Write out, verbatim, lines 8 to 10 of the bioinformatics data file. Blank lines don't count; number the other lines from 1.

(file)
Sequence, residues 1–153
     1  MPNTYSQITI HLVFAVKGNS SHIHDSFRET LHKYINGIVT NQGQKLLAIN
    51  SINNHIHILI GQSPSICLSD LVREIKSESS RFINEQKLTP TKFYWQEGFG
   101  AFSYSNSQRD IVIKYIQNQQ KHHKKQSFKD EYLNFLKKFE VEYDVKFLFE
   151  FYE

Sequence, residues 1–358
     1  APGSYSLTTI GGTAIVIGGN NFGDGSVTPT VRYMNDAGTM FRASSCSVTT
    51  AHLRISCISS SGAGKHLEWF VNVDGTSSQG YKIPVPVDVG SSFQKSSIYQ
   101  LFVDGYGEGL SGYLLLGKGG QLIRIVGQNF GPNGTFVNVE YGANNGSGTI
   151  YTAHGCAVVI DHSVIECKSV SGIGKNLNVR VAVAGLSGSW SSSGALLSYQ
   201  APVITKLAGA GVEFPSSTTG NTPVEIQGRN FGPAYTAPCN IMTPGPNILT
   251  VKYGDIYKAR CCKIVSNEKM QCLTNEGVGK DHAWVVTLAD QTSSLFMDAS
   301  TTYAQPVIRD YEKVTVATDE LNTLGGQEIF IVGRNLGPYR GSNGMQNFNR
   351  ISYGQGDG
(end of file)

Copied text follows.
    51  AHLRISCISS SGAGKHLEWF VNVDGTSSQG YKIPVPVDVG SSFQKSSIYQ
   101  LFVDGYGEGL SGYLLLGKGG QLIRIVGQNF GPNGTFVNVE YGANNGSGTI
   151  YTAHGCAVVI DHSVIECKSV SGIGKNLNVR VAVAGLSGSW SSSGALLSYQ